MattW

Well-known member
#9
I'm glad I just checked mine, as it's grown quite a bit over the last few months, and the pool was at 1.7GB, and I'd only got 2GB allocated from when I set the VPS up a few months back.
 
#10
Not really. :) I use this formula to determine the proper pool size in GB:
/snip/
Edit: The formula calculates the actual size and increases the result by 50%. Obviously you should run this formula at regular intervals, as your lengths increase constantly. You can verify the actual data stored, with this query:

Welcome to the crazy world of MySQL optimizations. :)
That would be great but it tells me to allocate 34GB of RAM in my server with 16GB of RAM :(

I do agree though, allocate as much as you can to the InnoDB buffer pool.
 

Floren

Well-known member
#11
Is this "proper" calculation documented anywhere as being "proper" or just your opinion/recommendation?
MySQL is pretty much like Nginx, there is no exact science that you set a value and let it die like that for decades. Tuning and maintaining MySQL is a constant ongoing and dynamic process, which explains why sites with large databases often require expensive consulting or a DBA position.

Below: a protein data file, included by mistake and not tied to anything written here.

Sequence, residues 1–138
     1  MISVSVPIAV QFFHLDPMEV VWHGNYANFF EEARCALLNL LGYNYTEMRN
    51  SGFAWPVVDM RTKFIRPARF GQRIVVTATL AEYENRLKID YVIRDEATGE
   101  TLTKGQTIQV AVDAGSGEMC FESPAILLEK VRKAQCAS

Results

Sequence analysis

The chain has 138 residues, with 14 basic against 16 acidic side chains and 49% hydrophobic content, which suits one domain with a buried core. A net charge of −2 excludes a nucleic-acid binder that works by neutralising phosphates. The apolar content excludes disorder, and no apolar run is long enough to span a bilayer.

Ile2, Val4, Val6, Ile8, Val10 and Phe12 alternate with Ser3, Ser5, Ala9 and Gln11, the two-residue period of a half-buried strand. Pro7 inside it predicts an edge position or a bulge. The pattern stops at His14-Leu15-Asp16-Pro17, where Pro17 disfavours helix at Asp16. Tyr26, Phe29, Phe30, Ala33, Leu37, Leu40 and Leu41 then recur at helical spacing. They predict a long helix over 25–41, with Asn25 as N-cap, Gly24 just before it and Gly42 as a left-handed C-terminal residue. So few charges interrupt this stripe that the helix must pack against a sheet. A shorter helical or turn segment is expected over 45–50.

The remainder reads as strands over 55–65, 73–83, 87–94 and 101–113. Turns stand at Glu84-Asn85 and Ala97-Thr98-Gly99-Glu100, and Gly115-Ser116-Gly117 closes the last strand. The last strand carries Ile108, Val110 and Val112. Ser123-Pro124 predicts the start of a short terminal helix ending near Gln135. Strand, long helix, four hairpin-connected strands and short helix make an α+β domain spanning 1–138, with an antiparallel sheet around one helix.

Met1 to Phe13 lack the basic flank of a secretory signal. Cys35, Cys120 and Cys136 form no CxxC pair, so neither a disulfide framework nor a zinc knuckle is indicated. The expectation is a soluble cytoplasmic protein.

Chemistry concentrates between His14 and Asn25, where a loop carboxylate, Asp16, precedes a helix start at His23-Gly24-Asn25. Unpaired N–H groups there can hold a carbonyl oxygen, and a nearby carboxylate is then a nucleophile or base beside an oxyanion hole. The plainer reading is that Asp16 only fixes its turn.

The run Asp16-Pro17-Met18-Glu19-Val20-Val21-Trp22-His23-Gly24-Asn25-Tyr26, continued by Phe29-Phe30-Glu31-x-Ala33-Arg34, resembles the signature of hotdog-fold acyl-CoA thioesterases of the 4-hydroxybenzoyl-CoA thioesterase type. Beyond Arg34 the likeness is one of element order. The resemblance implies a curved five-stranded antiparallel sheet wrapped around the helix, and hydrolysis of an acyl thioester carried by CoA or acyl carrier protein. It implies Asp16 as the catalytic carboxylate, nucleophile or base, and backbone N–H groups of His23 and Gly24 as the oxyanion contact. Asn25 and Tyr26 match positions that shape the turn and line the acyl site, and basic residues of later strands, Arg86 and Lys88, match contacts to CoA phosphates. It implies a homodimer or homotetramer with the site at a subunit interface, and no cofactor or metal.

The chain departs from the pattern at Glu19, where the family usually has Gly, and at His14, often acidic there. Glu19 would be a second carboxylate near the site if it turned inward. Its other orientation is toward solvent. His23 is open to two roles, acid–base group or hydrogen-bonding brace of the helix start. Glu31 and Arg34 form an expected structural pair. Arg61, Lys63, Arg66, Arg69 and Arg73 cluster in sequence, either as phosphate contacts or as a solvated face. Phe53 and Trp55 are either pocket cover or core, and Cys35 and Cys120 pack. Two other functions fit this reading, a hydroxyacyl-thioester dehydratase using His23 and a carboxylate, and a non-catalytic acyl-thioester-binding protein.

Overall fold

Slavik

XenForo moderator
Staff member
#12
MySQL is pretty much like Nginx, there is no exact science that you set a value and let it die like that for decades. Tuning and maintaining MySQL is a constant ongoing and dynamic process, which explains why sites with large databases often require expensive consulting or a DBA position.

Well you can have fun with that :) To be honest such, "constant" adjustment is hard to justify for most sites. When setting a nice big buffer pool that will last them years is much easier.
 

Floren

Well-known member
#13
It depends, it is not recommended to have a large buffer. In fact, Peter Zaitsev recommends to have the buffer 10% higher than actual data and monitor it constantly. Obviously, Percona people know what they are doing... but since I'm lazy, I set it to 50%. :D
 

Slavik

XenForo moderator
Staff member
#14
It depends, it is not recommended to have a large buffer. In fact, Peter Zaitsev recommends to have the buffer 10% higher than actual data and monitor it constantly. Obviously, Percona people know what they are doing... but since I'm lazy, I set it to 50%. :D

I just stick it at 8gb on my box :) Why, just cos.
 

AndyB

Well-known member
#17
As a general rule of thumb, if your tables are innodb (which they should be).


Code:
# INNODB #
innodb-flush-method  = O_DIRECT
innodb-flush-log-at-trx-commit = 2
innodb-file-per-table  = 1
innodb-buffer-pool-size  = 8G

These 4 lines are pretty much standard. Obviously alter the buffer pool to whatever you want to give it.
According to this:

http://dev.mysql.com/doc/refman/5.0/en/innodb-parameters.html#sysvar_innodb_flush_method

innodb-flush-method = O_DIRECT

is only "(available on some GNU/Linux versions, FreeBSD, and Solaris)".